by Carol Hageman
I am a first-time author of a children’s book entitled Bubby’s Puddle Pond: A Tortuga’s Tale of the Desert. My book has been in publication for less than a year and I have had several book signings and school visits, but recently, I was invited by a school to read my book and do a presentation on the artwork before 800 students in grades K-3.
The academic coach wanted the students to become more aware of the arts. I accepted the challenge, but after I hung up the phone, I realized what I had just agreed to. Up until now, my presentations were typically in the range of 50 students. However, I reminded myself of the years of experience I had acquired as a volunteer in my daughter’s elementary school and library. I thoroughly enjoyed working with children, tutoring them in reading, and being involved with the Art Masterpiece Program. That’s when I realized, I could take on a project of this size, too.
Just a month earlier, I had the opportunity to purchase all of the artwork from the book. It included pencil and ink sketches, a small draft of the book and all of the watercolors. I thought the children might be interested in learning how a book is produced. I would tie that in with the art that made the book special.
When I arrived at the school, I was led to the auditorium to set up. I was told there would be two sessions. The kindergarten and first-graders would be together for a slightly simplified version of the presentation, followed by the second- and third-graders for a more advanced version. I prepared the tables by laying out the pencil sketches, ink sketches, and the watercolors in succession, as they appeared in the book.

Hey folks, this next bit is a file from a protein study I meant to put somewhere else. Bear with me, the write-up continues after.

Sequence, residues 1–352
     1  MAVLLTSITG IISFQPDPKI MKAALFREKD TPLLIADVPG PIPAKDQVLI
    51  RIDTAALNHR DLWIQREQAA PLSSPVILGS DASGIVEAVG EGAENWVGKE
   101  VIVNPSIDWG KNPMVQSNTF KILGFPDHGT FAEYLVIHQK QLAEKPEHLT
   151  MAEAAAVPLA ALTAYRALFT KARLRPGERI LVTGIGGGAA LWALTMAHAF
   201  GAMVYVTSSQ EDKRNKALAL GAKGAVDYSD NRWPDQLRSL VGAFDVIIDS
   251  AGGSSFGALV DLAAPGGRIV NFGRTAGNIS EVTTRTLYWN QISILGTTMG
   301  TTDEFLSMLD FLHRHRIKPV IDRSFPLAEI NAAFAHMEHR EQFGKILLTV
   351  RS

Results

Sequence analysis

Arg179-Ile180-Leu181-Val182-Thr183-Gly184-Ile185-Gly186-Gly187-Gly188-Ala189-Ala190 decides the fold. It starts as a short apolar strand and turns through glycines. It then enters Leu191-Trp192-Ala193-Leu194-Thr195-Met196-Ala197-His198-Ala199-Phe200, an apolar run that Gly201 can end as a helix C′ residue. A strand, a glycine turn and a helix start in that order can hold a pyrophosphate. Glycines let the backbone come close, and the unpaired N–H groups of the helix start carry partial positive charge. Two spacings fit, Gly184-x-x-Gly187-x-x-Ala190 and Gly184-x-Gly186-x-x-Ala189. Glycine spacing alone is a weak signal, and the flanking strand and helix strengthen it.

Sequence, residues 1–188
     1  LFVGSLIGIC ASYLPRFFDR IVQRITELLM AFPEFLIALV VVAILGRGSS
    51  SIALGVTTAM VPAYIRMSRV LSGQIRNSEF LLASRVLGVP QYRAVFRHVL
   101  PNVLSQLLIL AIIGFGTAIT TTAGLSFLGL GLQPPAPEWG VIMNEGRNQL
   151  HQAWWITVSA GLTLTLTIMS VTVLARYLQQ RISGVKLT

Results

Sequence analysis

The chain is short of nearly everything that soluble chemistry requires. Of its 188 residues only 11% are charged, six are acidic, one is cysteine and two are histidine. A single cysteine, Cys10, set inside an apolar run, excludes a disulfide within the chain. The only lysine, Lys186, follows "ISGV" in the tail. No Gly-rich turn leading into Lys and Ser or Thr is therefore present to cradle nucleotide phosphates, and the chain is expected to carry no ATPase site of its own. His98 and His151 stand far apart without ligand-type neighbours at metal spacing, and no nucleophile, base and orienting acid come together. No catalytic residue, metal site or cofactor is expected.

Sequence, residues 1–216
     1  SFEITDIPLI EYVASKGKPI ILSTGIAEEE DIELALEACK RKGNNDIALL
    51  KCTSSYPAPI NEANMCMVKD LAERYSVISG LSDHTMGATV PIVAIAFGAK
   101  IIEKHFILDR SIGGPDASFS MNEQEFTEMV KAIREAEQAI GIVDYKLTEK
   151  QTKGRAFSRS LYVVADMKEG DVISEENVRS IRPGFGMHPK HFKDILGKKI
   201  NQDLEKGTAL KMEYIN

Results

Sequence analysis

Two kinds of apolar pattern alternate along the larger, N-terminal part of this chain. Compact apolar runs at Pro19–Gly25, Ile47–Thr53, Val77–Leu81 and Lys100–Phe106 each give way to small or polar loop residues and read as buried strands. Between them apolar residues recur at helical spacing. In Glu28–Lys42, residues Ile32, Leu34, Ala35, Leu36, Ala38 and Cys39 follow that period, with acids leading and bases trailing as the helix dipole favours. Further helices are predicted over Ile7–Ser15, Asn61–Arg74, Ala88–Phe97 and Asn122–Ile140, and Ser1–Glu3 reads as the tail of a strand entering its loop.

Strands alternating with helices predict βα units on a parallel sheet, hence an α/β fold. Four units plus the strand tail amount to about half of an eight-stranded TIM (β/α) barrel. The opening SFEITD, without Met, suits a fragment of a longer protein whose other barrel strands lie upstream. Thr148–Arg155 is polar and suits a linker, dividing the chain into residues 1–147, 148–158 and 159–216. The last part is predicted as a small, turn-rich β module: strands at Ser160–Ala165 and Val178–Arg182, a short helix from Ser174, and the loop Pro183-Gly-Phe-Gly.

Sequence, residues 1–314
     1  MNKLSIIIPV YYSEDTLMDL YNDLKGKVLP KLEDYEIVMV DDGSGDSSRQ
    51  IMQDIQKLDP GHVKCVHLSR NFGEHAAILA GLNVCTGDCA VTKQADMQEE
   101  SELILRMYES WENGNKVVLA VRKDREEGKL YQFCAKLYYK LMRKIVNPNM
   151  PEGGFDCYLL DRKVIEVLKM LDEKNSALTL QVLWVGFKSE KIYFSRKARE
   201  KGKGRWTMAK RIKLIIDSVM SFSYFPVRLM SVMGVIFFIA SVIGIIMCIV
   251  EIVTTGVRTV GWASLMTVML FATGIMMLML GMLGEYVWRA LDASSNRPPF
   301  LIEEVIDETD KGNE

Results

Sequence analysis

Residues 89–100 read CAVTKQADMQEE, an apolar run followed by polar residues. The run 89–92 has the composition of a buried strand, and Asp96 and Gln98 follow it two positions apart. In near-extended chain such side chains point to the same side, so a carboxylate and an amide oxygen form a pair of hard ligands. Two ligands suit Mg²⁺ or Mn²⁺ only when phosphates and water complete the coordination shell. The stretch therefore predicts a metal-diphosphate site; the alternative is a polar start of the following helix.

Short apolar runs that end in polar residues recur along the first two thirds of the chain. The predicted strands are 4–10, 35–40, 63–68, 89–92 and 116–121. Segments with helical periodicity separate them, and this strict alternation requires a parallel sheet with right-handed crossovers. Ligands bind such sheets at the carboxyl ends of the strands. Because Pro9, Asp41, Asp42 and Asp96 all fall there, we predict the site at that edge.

After introducing myself, I asked the students how many of them liked to draw, how many liked to read, how many liked to write. After all the little hands went down, I told them there are many new authors and artists in the audience. I told them art comes in many different forms from paintings to sculptors to crafts and drawings. Just like in my book. All of the artwork was done in watercolors.
I shared a story of my experience years ago, when I volunteered in the classroom helping children produce their own book. The students would hand-write their story and I would type them and make a cover out of construction paper. The students would then illustrate the pages and cover. After everyone completed their book, they would read it to the class.
I then proceeded to explain what it took to produce my own book. I started with the front cover, the copyright page, the dedication page, content of the story, fact pages, glossary, curriculum page, and the creative team pages. Finally, the back cover. I explained how many professionals are involved in the production process. Starting with the author, followed by the illustrator, editor, graphic designer, curriculum writer, proofreaders, project manager, production staff, and printers.
The academic coach had scanned the book in order to project it on a large screen as I read it to the students. After the story was finished, pre-selected students came up on stage to ask a question, using the microphone before the student assembly. I answered their questions, and followed up by encouraging them to follow their dreams. If they enjoy reading, writing, and drawing, someday they might be an author, or work on a professional team to produce a book.
Finally, the children were invited to walk by the table to view the artwork. I was so pleased with their responses of enthusiasm! They shared with me who their favorite character was in the story, had positive comments about the watercolors, and thanked me for visiting their school. Needless to say, I left feeling very gratified. I felt very comfortable before 800 children and would love the opportunity to do it again.